The realtime component isn't TOO much of a problem in most cases because it just limites the choices further - if you're being chase by an armadillo, running toward it will kill you practically always, so all moves going toward it would have extrmely high weight in the A* search done to get from object to object (unless there was a barrier between it and you of course). The realtime component does introduce many new possibilities, but thinking about it I'm not sure that it introduces so many that a smiple game state search couldn't quickly solve any map.

I really need to code up a prototype so I can try to make a simple solver that can solve manually created maps.

Anonymous Poster: I think the best solution for this might be to start wtih a blank maze, add in some typical 'maze walls' consisting of water, bushes, and boulders, and then do as you say - start with lolo in the door, place an obstacle (a medusae for example wih a LOS on the door) and then compute how lolo could have go past (block the LOS with a snakey for example), then do 'backwards moves' (have lolo pull the egg from somewhere that it could have been pushed from, essentially playing the solution in reverse) and repeat effect then cause until lolo is far away from the door with several steps to take to get there.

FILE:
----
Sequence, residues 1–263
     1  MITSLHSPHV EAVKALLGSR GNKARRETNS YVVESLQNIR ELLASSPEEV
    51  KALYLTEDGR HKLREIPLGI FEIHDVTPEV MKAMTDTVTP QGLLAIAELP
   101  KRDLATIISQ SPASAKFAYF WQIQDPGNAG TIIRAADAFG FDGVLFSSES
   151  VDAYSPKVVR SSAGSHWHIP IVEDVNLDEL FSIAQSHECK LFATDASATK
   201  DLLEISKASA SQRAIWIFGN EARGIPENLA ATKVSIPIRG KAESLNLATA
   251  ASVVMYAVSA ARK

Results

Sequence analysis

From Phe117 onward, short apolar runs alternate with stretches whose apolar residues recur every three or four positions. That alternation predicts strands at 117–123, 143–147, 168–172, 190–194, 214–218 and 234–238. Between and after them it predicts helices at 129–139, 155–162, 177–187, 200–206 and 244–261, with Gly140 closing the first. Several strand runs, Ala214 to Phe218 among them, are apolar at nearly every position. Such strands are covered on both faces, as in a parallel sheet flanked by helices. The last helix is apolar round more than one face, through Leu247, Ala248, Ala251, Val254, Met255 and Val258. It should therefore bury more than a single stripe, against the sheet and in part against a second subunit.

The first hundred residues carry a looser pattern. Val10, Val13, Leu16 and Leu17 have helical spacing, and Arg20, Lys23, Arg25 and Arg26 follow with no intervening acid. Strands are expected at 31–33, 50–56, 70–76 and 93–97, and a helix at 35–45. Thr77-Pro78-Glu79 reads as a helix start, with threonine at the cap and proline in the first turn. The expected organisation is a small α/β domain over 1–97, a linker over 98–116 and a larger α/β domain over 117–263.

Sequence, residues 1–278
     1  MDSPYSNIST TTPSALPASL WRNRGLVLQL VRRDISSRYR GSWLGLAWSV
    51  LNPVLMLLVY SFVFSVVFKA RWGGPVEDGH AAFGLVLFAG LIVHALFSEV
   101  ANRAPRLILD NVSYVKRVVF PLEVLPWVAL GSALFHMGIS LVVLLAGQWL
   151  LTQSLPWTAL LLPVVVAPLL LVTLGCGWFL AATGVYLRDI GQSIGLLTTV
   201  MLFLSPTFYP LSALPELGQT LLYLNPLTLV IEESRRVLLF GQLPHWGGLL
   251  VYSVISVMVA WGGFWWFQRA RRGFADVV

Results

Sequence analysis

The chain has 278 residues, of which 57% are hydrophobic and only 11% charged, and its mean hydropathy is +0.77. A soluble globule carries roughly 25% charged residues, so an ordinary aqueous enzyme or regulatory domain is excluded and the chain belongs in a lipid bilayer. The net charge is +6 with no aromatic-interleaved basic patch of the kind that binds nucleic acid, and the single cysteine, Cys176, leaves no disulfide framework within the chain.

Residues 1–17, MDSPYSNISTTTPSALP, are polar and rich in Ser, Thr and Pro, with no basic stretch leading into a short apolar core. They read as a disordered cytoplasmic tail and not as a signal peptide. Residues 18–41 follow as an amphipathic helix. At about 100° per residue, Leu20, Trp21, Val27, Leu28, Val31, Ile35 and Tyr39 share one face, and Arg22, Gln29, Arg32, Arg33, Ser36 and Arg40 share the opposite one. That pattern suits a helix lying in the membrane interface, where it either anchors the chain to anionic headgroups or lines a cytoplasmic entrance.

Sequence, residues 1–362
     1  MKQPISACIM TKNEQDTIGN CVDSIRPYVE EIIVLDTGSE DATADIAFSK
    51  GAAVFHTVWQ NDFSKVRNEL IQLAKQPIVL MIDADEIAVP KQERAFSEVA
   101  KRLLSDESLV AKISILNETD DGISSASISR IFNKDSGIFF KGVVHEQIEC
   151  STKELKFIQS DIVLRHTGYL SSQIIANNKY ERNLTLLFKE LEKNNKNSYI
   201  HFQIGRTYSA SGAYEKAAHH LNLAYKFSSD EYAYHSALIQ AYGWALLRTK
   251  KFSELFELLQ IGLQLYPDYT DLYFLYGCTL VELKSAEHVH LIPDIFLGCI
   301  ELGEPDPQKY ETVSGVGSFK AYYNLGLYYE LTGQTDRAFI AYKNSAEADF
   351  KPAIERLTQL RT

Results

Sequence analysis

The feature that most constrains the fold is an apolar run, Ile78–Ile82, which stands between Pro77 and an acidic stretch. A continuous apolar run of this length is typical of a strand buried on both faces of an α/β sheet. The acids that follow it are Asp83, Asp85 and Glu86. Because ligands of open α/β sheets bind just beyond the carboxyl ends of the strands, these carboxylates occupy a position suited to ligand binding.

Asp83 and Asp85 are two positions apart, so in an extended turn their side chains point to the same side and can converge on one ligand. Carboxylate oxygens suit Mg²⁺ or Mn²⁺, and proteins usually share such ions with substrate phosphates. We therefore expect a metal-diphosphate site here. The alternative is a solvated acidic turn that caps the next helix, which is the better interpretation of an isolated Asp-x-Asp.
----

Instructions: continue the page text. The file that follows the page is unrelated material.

I need to make a prototype for trying this kind of thing out as well.

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Cool, looks like you're on the right track. About the realtime component - I guess it doesn't matter that much, considering you'll be doing multiple tests and then checking against a set of limits. Eg, the human reaction time is considerably higher than that of a computer algo, so you'll need a comfortable amount of leeway in that respect.

Let me know when there are some screenshots of your game.